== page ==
A tax-exempt charitable organization co-founded by Tulsi Gabbard Tamayo has been promoting her campaign for City Council on its website, prompting other candidates in the race to cry foul.
"It’s a matter of her campaigning illegally against the nine of us," said Bob Vieira, one of 10 people running in downtown District VI, which stretches from Kalihi Street to Makiki. "It’s not a level playing field."
The nonprofit Stand Up for America was founded by Tamayo and her father, state Sen. Mike Gabbard, after the Sept. 11, 2001, attacks to promote patriotism and America’s unity as "one nation under God." It is exempt from paying income taxes and may receive tax-deductible contributions as a charitable organization under section 501(c)(3) of the Internal Revenue Service code.
Such nonprofits may not endorse political candidates. Since mid-July, Stand Up For America’s website has featured a news release from the Tamayo campaign announcing her candidacy, highlighting her "record of proven leadership," and including quotations from Tamayo and a link to VoteTulsi.com, her campaign website.
Tamayo is vice president of the nonprofit and her father is its president. Contacted Friday, Tamayo said she didn’t realize the news release and campaign link were on the nonprofit’s website.
"It was an honest mistake from a volunteer," Tamayo said. "I’m very, very sensitive to the perception of impropriety. I wasn’t aware that the press release was posted on there. I need to talk to the volunteer who helped with the website and we’ll get that corrected immediately.
"I hadn’t been to our Stand Up for America website recently so I didn’t know that that was up there," added Tamayo, a former state legislator who represented Waipahu and Ewa.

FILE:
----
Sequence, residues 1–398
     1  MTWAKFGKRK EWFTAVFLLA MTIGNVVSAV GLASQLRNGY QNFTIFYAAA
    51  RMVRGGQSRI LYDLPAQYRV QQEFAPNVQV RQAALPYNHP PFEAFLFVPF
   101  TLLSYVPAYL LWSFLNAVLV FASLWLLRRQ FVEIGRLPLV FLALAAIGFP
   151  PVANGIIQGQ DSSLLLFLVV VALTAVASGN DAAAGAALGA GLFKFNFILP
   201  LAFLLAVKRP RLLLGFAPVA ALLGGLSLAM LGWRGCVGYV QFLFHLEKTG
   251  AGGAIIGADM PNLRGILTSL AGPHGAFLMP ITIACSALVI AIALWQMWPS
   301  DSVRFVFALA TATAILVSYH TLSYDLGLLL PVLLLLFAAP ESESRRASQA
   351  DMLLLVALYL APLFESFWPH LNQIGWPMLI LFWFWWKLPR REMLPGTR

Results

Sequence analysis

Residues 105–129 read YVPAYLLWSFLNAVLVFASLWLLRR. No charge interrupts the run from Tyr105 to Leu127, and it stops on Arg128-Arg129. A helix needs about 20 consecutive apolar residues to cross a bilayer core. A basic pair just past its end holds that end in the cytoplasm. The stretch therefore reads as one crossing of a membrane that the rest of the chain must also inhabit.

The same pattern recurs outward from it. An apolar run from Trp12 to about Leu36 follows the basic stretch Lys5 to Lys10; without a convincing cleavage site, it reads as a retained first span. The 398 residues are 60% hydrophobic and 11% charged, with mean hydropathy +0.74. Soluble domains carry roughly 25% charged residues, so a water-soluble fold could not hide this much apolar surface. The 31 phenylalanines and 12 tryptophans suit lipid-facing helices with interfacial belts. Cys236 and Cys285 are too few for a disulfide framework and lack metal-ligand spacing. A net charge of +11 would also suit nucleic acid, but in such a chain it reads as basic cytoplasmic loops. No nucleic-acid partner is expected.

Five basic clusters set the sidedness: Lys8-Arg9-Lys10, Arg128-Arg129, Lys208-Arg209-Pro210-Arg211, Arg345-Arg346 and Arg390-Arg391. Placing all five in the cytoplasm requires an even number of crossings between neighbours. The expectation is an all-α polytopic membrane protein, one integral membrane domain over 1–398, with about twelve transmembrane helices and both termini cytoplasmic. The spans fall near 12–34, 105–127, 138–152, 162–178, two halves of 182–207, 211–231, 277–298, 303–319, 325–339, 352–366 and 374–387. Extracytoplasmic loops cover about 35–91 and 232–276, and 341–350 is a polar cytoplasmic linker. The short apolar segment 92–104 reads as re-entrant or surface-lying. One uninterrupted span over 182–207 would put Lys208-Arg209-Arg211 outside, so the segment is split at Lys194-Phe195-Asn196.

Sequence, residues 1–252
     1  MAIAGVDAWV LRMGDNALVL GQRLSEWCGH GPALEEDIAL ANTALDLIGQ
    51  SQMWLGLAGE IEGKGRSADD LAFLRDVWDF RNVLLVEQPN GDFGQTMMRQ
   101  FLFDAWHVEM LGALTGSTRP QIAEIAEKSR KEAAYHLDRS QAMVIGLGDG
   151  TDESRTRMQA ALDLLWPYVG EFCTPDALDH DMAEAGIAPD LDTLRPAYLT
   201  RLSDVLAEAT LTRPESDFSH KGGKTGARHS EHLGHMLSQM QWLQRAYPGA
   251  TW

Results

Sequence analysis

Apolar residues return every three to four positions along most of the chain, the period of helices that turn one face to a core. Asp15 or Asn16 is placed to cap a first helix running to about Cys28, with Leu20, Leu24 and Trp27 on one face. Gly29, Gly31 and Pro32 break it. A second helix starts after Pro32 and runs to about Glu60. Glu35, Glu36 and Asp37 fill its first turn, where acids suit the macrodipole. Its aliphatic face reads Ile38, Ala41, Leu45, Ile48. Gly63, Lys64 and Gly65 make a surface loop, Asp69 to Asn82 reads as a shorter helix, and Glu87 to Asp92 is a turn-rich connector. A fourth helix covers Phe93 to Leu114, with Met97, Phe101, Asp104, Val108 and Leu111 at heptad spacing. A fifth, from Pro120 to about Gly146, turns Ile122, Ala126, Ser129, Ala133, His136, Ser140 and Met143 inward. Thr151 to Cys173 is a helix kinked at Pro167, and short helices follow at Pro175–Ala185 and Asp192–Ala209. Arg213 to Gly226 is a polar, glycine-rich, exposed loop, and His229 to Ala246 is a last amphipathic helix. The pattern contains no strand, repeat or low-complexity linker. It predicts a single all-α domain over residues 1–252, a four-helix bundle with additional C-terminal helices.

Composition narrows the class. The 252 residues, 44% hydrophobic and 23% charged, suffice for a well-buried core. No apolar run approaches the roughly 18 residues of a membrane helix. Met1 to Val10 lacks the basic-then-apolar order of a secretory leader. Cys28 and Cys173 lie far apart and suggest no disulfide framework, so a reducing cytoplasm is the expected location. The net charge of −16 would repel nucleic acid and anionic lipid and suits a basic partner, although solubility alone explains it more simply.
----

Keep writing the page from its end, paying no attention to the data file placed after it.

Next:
As of yesterday the site no longer included the news release and link.
Hugh Jones, supervising deputy attorney general, said he could not comment on this specific case, but the law is clear.
"The federal tax laws contain an absolute prohibition on a charity directly or indirectly participating in or intervening in any political campaign on behalf of, or in opposition to, any candidate for elective office," he said. "Charities that do become embroiled in political activity threaten their tax-exempt status."
Michael Lilly, former Hawaii attorney general and chairman of Vieira’s campaign for Council, said he had alerted the attorney general and "I’m going to make sure the IRS knows" because he believes the organization has been circumventing tax law.
"Wouldn’t it be nice if anybody could set up their own tax-free organization and then use that to support their political campaigns? But that’s totally improper under the IRS code," Lilly said.
Earlier this week, Hawaii Citizens for Separation of State and Church filed a complaint with the IRS regarding electioneering by Stand Up for America.
In its latest IRS tax filing, a short form, Stand Up for America reported receiving less than $25,000 in 2009. The most recent event held by the organization, according to its website, was a parenting seminar by John Rosemond in 2007.
Tamayo stressed that she is not paid by Stand Up for America, and "there’s absolutely no mixing between the nonprofit work that I do within the community and any kind of self-promotion or anything even remotely related to the campaign at all, financially or otherwise."
Sesnita Moepono, another candidate in the Council race, said she was taken aback by Stand Up for America’s public support for Tamayo’s campaign.
"I certainly question their judgment," Moepono said. "It’s definitely not an appropriate thing to do. You should be knowledgeable, especially when you’re running for office. As a lawyer, I always tell my clients, there’s one particular agency you don’t want to get on the bad side of and that’s the IRS."